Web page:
Daily Dialogue theme next week: Revelation.
Scott Myers
15

Daily Dialogue theme: Revelation

Taken from Stranger Than Fiction:

Harold Crick: I’m not exactly sure it was plot. I was hoping you’d say it was just a really bad coincidence.

Professor Jules Hilbert: Meeting an insurance agent the day your policy runs out is coincidence. Getting a letter from the emperor saying he’s visiting is plot. Having your apartment eaten by a wrecking ball… is something else entirely. Harold, you don’t control your fate.

Harold Crick: I know.

Professor Jules Hilbert: You do?

(They leave the building to walk outside.)

Professor Jules Hilbert: You were right. This narrator might very well kill you so I humbly suggest that you just forget all this and go live your life.

Harold Crick: Go live my life? I am living my life. I’d like to continue to live my life.

Professor Jules Hilbert: I know. Of course. I mean all of it. However long you have left. You know, I mean, Harold, you could use it to have an adventure. You know, invent something, or just finish reading ‘Crime and Punishment’. Hell, Harold, you could just eat nothing but pancakes if you wanted.

Harold Crick: What’s wrong with you? Hey. I don’t want to eat nothing but pancakes. I wanna live. I mean who in their right mind in a choice between pancakes and living chooses pancakes?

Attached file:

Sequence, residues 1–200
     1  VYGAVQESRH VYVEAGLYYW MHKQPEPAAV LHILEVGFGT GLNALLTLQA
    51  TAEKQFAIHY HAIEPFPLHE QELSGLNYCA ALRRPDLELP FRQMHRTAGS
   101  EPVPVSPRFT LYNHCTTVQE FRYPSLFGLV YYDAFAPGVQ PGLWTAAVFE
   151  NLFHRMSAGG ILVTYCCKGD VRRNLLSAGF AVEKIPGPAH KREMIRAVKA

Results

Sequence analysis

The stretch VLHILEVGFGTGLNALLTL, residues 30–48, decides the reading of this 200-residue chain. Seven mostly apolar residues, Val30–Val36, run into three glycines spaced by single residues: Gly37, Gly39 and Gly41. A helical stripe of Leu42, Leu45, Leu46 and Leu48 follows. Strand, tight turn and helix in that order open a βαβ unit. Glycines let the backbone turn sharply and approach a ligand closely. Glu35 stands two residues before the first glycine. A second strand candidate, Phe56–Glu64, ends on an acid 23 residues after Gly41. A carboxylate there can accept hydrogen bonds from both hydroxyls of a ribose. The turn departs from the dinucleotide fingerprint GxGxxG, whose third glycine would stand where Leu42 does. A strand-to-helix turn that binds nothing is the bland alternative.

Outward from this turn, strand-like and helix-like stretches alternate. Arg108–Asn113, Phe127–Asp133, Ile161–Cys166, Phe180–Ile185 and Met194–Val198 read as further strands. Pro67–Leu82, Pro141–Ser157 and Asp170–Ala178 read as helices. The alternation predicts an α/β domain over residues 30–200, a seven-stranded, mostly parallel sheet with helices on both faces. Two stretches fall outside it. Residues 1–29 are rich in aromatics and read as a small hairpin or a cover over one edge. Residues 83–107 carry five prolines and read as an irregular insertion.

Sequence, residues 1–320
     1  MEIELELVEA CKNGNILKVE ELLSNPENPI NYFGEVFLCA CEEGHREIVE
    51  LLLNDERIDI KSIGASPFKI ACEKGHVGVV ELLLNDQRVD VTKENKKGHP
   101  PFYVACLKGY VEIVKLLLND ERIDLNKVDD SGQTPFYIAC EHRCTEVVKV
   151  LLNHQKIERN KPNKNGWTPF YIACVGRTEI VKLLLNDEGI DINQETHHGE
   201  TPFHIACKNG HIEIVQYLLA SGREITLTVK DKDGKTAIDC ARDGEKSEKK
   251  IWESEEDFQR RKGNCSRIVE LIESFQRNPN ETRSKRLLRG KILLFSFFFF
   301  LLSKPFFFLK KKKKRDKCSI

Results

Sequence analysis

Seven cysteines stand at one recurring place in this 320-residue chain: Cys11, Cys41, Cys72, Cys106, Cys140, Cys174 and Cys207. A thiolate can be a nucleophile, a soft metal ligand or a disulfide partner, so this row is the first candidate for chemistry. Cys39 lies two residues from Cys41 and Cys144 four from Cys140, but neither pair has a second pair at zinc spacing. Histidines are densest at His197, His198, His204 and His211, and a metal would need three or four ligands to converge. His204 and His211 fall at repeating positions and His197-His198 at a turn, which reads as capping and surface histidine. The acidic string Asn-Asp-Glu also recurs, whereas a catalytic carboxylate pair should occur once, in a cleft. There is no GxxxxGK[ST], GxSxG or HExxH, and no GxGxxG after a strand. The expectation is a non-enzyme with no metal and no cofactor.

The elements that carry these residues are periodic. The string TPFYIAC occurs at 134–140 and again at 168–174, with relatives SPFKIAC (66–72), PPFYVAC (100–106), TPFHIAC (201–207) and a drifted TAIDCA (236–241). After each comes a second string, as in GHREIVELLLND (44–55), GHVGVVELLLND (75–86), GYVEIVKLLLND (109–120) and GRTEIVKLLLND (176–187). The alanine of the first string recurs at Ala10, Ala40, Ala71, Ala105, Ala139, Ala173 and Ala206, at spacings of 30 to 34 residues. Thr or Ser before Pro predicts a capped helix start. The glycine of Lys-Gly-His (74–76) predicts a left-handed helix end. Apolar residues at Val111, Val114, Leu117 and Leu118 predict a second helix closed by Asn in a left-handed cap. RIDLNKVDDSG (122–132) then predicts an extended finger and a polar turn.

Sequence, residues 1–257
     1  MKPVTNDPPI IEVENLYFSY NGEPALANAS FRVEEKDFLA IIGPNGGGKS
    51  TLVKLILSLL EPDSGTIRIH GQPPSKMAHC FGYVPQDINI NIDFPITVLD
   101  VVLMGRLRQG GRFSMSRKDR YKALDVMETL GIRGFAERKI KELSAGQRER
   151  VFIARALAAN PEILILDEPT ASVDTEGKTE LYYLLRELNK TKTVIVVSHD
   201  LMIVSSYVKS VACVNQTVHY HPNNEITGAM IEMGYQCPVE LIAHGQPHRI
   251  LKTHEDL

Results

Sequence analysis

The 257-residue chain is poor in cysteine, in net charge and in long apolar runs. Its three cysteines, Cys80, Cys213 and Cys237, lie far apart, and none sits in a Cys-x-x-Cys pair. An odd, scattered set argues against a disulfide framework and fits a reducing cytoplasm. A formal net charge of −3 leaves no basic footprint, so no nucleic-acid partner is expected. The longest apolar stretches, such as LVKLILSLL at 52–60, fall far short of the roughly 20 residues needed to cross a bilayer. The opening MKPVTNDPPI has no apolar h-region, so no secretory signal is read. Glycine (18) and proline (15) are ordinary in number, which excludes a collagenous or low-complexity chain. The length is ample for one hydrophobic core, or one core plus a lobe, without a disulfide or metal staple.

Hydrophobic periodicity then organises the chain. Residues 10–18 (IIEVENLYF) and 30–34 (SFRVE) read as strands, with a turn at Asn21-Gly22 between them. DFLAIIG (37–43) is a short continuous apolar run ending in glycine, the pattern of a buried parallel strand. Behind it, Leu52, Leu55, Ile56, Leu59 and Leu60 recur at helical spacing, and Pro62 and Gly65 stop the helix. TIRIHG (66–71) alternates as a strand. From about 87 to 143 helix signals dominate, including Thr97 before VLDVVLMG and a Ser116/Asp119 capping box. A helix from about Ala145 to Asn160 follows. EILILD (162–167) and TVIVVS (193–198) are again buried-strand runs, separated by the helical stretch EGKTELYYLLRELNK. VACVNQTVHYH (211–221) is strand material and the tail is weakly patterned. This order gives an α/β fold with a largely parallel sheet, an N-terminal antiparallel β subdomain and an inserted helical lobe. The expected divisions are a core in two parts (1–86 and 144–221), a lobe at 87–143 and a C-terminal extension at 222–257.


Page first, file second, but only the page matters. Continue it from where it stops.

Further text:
Professor Jules Hilbert: Harold, if you’d pause to think I believe you’d realize that that answer’s inextricably contingent upon the type of life being led and, of course, the quality of the pancakes. You don’t understand what I’m saying.

Harold Crick: Yes. I do. But you have to realize that this isn’t a philosophy or a literary theory or a story to me. It’s my life.

Professor Jules Hilbert: Absolutely. So just go make it the one you’ve always wanted.

On Revelation: Immediately prior to this scene, at Professor Hilbert’s request, Harold had agreed to an experiment to determine whether or not he could control the outcome of the narration he’d been hearing in his head throughout the movie. When Professor Hilbert tells Harold that he doesn’t control his fate, his surprise at hearing Harold admit that he already knew that is evident (which begs the question why they needed to conduct the aforementioned experiment in the first place). This scene comes halfway through the movie and Harold’s behavior noticeably changes now that he’s accepted his fate. In this scene, both characters have their own revelation that determine how the plot unfolds from that point on.

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